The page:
“. . . a sense of call in our time is profoundly counter-cultural . . . the ideology of our time is that we can live ‘an uncalled life,’ one not referred to any purpose beyond one’s self . . .”

Brueggemann is referring to the the idea of the American Dream. We can be and do anything we want. And while this isn’t always true (certainly some of us have better odds than others), in the US, especially now with our increased mobility and access to technology, we have many open doors. No longer do we become a shoemaker because our last name is Shoemaker. We are free to become whatever we are capable of becoming. And while this is exciting, it can be tricky to navigate as a Christian. With so many options it is tempting to decide our path and then to find security in real estate and a retirement plan rather than in God (not that I’ve got anything against a retirement plan, I’d actually really like to have one someday).

Discerning a calling is not a sign of spiritual greatness. It is something that is required of us all. We are each unique and exist in a time, place and in a circle of relationships that belongs to only us. God asks the same thing of each of us, that we would live for Him, which means we use the skills and gifts that He gives us for His glory. But because we are so different, our particular path is  going to result in something beautifully unique to who  and where we are.  God doesn’t keep His plan hidden from us, He wants us to find it. But we have to want it.  We have to take at least the first step and choose to follow Him.

I was recently looking at the Voice of the Martyrs website,  they are a group that supports persecuted Christians around the world.

I came across a video called  Liena’s prayer which depicts a story told in a letter that Voice of the Martyrs received. Liena is a Christian in Syria and  one night she was praying about  her calling in ministry. As she sat down to pray and all she could hear was the voice of God asking her if she was willing to give Him all of he self, if she was ready to lay down her life for her faith in God.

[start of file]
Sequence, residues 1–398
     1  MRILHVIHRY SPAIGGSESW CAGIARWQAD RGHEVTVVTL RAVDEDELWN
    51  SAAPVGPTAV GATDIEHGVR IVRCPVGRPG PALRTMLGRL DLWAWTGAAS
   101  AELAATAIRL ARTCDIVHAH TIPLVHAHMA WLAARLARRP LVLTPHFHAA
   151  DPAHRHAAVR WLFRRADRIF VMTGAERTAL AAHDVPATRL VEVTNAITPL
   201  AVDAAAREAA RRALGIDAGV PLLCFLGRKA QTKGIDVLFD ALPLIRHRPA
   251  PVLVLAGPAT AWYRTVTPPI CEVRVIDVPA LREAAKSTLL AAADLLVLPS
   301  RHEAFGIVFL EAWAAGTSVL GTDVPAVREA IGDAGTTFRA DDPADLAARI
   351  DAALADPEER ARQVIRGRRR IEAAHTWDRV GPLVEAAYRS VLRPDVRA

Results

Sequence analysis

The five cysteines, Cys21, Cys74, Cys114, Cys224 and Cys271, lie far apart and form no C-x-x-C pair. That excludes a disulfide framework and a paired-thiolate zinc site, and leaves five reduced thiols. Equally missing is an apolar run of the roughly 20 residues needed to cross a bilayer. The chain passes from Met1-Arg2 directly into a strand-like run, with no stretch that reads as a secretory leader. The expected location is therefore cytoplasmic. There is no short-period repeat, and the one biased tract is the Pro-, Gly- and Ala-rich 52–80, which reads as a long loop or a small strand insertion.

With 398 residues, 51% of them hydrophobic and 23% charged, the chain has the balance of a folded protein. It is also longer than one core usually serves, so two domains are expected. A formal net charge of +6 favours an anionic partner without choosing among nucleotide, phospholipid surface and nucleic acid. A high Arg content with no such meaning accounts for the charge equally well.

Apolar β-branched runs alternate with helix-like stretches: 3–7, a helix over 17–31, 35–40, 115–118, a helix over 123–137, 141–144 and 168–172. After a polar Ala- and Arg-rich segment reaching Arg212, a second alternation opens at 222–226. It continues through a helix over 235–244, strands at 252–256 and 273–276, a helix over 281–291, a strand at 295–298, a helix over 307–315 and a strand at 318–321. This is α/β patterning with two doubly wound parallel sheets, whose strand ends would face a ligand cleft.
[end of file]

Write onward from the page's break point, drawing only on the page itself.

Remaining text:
She prayed and felt that indeed she was willing to die if that is what God asked. The following day she prayed again and this time she hears the voice of God asking her if she is willing to give up the life of her husband. She continues to pray and she and her husband together decide that they are both willing to die if that is what God required.

The third day she sits down to pray, this time she hears the voice of God asking her clearly if she is willing to surrender her children to Him. Their family is known for sharing Jesus with others, it is not safe for them in their country anymore. In anguish she and her husband pray and fast.  She sits down with her children and explains that they may see violence. She reminds them that their lives are a gift given by God belonging to Him alone and their purpose is for God’s glory. She tells them that if God would have them stay safe they will be safe and that if God would let their lives be taken they will be taken up into His eternal love.

At the end of her story she questions herself, is she being a good mother, is it more important to keep her children safe or to live a life so full of the love of God that it is worth dying for?

My own situation certainly doesn’t feel  as urgent as Liena’s. And my heart aches for the heavy decisions she must make to be a Christian in her country. She forces me to look at  myself, am I willing to walk this path?  Am I  willing to surrender all so that I can be free to do the work that God calls me to?

So this is a long answer to those small talk questions. Right now our family trying to find God’s call for us before we take our next step. It isn’t that we are oblivious to our financial and physical needs anymore than Liena is unaware of the true danger she is in. We would certainly rather God take us to cozy house with a fire place and a shady  back yard (and for many God may lead to exactly that sort of cozy spot) than to a desert or a foreign country.  But we also hope that when we look back on our life we will have left  behind a legacy of good works, having lived the best life that only a sovereign God could have chosen rather than be left wondering what we missed.

And so we wait and ask ourselves in Craig Barnes word’s,  are we willing to give up the life of our dreams to receive from Christ the life he died to give us?


May 7th is celebrated as the National Day of Prayer. Please Join us for a 20 minute Prayer Vigil for those in the persecuted church. http://thetrinitymission.org/otherprayers/prayer-for-the-persecuted-church/